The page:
We have known the causes of maternal deaths for over 100 years -- haemorrhage, infection, hypertension, obstructed labour, septic abortion -- and we eliminated them in the our rich world by providing essential obstetrical care to mothers one at a time. The former Director General of WHO, Dr. Halfdan Mahler, commented in Nairobi in 1987, “We know enough to act now, it could be done; it ought to be done; and in the name of social justice and human solidarity, it must be done.” It hasn’t been.

MercatorNet: What we do hear a lot about is "unsafe (illegal) abortion", along with some alarming statistics. Is this a major cause of maternal deaths and ill health? What's the real answer to this problem?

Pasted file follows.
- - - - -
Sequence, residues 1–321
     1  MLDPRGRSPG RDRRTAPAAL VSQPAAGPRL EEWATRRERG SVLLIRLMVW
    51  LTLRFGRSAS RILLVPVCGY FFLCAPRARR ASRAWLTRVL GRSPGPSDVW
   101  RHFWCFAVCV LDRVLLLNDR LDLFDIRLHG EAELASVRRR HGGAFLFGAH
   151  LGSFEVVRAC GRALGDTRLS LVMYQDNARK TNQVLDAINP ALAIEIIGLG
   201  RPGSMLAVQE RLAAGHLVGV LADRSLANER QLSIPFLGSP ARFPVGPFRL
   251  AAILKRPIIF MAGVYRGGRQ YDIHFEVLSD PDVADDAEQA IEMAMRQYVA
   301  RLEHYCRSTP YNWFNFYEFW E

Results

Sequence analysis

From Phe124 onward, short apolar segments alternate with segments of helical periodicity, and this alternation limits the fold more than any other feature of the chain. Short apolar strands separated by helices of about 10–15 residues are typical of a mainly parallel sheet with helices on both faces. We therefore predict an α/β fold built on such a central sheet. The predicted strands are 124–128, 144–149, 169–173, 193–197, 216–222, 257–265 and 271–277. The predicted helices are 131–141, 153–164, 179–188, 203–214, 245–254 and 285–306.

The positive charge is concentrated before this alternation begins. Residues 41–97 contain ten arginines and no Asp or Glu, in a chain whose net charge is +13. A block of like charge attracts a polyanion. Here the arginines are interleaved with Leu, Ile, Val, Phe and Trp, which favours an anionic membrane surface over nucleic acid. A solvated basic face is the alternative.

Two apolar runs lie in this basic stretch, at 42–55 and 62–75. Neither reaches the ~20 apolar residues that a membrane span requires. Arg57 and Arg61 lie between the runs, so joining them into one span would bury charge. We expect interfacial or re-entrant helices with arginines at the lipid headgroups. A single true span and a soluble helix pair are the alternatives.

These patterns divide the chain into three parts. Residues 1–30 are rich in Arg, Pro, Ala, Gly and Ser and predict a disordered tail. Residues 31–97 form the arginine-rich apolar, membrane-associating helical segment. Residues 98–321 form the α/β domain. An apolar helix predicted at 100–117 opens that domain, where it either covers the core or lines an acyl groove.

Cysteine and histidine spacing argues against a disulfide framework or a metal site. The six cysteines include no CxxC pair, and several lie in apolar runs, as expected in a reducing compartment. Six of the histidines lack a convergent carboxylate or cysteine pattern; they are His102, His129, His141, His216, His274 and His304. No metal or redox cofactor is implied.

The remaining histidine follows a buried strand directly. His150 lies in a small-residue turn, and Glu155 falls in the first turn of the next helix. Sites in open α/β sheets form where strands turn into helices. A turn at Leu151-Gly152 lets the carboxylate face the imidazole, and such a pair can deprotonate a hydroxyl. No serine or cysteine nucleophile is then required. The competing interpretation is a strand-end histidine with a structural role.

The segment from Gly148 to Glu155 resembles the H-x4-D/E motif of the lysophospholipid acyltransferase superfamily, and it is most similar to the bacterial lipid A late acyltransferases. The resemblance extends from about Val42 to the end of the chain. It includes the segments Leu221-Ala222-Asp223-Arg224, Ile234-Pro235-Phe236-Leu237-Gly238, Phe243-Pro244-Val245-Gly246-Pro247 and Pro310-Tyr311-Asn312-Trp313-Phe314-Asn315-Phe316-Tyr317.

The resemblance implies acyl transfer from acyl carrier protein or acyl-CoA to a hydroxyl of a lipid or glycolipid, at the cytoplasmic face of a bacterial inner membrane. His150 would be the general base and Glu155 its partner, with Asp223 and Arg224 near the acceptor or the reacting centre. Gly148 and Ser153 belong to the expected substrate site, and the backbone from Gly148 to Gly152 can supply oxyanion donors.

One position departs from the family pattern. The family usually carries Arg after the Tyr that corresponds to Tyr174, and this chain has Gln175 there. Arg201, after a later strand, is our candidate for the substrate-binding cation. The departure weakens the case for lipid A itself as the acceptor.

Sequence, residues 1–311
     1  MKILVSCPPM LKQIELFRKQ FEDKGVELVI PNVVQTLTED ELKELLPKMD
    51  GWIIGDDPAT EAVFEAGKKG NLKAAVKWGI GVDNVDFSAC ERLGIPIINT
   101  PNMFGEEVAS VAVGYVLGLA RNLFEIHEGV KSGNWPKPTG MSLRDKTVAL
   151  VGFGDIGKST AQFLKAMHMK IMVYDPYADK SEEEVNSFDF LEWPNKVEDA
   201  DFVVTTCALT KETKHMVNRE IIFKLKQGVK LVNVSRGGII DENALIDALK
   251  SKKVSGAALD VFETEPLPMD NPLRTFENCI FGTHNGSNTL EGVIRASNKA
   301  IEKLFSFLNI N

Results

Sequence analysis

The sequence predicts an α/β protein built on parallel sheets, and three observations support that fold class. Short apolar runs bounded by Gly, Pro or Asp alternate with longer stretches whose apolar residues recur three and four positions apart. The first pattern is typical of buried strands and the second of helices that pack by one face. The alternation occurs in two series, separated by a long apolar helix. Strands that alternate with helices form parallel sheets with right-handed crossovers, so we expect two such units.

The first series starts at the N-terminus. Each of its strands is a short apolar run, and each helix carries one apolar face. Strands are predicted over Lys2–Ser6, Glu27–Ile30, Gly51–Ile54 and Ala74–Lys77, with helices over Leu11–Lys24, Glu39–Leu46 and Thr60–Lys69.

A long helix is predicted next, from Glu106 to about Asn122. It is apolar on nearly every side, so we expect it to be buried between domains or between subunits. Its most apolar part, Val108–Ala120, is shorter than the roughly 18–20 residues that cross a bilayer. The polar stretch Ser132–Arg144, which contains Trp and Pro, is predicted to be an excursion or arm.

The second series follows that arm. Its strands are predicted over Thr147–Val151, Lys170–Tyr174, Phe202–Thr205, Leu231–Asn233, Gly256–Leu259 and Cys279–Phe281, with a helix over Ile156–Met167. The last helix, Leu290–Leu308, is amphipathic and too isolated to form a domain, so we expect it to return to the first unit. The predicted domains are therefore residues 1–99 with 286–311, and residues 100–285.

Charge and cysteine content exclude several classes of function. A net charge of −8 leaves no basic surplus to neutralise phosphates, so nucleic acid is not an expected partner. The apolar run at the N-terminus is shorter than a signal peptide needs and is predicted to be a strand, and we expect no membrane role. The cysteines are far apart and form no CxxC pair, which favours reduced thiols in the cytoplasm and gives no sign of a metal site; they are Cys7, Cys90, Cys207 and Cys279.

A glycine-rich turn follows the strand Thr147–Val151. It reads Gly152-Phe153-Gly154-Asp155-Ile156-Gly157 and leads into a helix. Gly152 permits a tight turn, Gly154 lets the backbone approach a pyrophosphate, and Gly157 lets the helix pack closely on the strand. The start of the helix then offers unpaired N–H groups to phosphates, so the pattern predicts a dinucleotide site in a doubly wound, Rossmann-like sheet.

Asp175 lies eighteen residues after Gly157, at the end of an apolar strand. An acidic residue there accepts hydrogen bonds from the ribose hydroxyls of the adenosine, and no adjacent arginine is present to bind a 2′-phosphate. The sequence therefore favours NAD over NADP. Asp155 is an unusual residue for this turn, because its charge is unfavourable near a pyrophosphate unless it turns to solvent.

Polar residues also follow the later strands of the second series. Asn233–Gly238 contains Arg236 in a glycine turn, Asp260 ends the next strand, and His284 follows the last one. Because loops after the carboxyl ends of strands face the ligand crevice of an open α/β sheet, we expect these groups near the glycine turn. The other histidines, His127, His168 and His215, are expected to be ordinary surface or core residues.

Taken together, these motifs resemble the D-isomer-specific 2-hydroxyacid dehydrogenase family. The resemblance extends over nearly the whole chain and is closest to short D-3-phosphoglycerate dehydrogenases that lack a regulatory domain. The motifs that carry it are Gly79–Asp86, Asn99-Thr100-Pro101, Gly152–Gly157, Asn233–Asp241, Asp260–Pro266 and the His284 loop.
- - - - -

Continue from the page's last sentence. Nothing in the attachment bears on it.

Dr Walley: Abortion unfortunately has been around forever. In our times it has been promoted as choice, as a right; we are all familiar with the arguments which has brought us to the devastating numbers found in developed countries. Septic abortion is said to account for 8 per cent of maternal deaths in developing countries but, again, nobody knows as statistics are not kept. Nevertheless, abortion is a sad fact of life resulting from poverty, lack of education, coercion and a lack of alternative help. In panic the woman goes to the open door of the abortionist who may be a traditional birth attendant in the village, but is frequently is a health provider who has limited skills and equipment, who procures the abortion for money. However, the numbers are exaggerated to promote an agenda which is to have abortion legalized as a human right.

Read the whole interview here.